With all due respect, the inconsistencies are more apparent than real, and did not discredit the positive in-court identification of all the accused.
To state that a police sketch of the killer bore no resemblance to any of the accused is to make a very subjective assessment. It is worth nothing in forensic determination. At any rate, a discrepancy between a police artist’s sketch of a perpetrator of a crime based on descriptions of witnesses at the scene of the crime, on one hand, and an actual identification of the perpetrator by an eyewitness given in court, on the other hand, is a very minimal factor of doubt on the reliability of the identification. In any criminal prosecution there are more and better circumstances to consider other than the initial sketch of a police artist for determining the reliability of an identification. We have to remember that a police artist’s sketch of a perpetrator of a crime is initially for purposes of pursuing an investigation, and has seldom any impact on the case after that.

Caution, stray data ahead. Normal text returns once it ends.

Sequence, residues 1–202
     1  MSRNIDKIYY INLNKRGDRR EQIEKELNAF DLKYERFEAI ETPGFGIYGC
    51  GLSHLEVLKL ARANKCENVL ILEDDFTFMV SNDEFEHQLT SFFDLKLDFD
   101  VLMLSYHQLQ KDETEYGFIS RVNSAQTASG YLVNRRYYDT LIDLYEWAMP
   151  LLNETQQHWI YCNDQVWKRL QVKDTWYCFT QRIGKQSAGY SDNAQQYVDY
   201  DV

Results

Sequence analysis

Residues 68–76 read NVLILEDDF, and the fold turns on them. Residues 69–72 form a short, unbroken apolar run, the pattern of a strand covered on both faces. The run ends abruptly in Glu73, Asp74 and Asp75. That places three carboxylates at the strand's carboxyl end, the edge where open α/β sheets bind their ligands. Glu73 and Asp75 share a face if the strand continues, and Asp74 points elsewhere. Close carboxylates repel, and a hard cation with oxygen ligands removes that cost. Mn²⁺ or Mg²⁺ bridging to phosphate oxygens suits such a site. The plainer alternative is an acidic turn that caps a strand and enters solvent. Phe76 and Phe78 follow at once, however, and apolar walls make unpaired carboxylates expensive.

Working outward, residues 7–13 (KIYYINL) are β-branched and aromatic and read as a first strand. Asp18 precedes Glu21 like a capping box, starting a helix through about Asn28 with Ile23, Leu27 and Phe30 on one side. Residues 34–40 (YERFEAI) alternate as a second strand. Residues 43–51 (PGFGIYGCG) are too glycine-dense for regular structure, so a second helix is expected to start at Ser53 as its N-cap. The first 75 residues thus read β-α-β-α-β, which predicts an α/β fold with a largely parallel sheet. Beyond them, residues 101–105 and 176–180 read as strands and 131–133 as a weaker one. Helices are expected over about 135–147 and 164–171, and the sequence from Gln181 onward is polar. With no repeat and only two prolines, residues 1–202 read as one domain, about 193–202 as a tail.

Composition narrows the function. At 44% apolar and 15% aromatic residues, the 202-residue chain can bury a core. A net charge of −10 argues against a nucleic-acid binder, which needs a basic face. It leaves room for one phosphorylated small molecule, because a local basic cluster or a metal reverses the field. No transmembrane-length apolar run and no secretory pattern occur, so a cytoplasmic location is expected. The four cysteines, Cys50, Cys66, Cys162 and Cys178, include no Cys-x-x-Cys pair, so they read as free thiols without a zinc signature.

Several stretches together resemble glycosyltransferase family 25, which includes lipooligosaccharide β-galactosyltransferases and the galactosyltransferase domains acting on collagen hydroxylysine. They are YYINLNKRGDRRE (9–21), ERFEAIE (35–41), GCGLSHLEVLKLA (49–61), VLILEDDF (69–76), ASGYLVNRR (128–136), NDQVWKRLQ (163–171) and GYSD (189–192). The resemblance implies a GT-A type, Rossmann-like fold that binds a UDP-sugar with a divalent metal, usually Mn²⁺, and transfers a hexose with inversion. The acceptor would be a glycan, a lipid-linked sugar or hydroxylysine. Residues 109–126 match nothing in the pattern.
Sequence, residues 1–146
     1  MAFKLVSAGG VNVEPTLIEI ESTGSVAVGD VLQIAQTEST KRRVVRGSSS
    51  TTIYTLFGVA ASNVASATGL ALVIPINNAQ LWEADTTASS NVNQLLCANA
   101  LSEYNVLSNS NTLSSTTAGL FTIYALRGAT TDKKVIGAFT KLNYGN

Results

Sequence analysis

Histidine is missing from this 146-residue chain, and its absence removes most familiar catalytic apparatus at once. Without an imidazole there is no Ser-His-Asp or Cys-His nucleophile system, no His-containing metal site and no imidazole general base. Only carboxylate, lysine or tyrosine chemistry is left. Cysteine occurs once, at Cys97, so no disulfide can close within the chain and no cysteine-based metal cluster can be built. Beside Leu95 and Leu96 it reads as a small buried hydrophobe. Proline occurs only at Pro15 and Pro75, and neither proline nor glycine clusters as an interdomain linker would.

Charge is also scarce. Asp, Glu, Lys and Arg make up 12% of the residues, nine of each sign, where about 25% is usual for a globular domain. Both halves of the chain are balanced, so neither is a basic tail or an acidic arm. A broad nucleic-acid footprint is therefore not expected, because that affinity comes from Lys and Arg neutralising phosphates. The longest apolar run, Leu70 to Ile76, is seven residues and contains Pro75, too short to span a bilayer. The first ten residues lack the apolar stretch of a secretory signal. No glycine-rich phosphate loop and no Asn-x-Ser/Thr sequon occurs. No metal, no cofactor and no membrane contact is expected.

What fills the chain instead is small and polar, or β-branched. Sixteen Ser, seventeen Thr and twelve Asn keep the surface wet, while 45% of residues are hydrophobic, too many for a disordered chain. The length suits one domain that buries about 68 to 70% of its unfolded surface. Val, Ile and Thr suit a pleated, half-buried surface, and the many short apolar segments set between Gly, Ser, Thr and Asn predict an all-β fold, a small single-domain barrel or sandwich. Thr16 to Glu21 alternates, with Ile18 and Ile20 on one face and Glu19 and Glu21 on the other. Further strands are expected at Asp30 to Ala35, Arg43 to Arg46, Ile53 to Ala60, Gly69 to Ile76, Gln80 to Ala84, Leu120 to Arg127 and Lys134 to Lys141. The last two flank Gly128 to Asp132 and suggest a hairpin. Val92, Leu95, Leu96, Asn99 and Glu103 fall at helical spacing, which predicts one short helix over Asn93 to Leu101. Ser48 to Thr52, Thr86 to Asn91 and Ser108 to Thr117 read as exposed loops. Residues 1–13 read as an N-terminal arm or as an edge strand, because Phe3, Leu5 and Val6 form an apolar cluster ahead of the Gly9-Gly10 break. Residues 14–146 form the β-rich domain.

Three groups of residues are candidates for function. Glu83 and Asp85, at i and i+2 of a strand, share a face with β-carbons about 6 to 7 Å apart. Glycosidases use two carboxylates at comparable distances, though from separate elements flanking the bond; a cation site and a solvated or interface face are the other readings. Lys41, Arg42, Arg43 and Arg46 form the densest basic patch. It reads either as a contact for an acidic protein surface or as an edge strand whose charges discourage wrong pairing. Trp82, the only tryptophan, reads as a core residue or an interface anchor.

That there might be a discrepancy between the alleged actual height of De Jesus and eyewitness Alejo’s estimate of it did not negate the reliability of the latter’s in-court identification of the former as the lookout who had pointed a gun at the latter. The records show that Alejo was standing inside his elevated guardhouse at the time of the commission of the crime, from where he had a clear view of the incident and of the persons involved. His good vantage point was confirmed during the ocular inspection conducted by the trial judge,8 who observed for the record the high visibility of the events from such vantage point. Moreover, Alejo definitely had a good look at De Jesus, considering that the latter himself twice shouted at and even poked his gun at Alejo. Lastly, any discrepancy between Alejo's estimate and the alleged actual height of De Jesus was easily accounted for by the higher location of Alejo in relation to De Jesus. This explanation is made plausible by the fact that Alejo's estimation was off by only three to four inches.
Alejo’s description of Lumanog's pony-tailed long hair at the time of the commission of the crime did not also detract from Alejo’s reliability by reason of Lumanog’s hair at the time of his arrest being shorter. There is no question that Lumanog could have meanwhile cut his hair to look different (which he had a good motive to do). I might doubt the identification had Alejo described Lumanog’s hair as very short at the time of the commission of the crime, due to the physical impossibility for hair to grow beyond a couple of inches within the span of the two months between the commission of the crime and his arrest.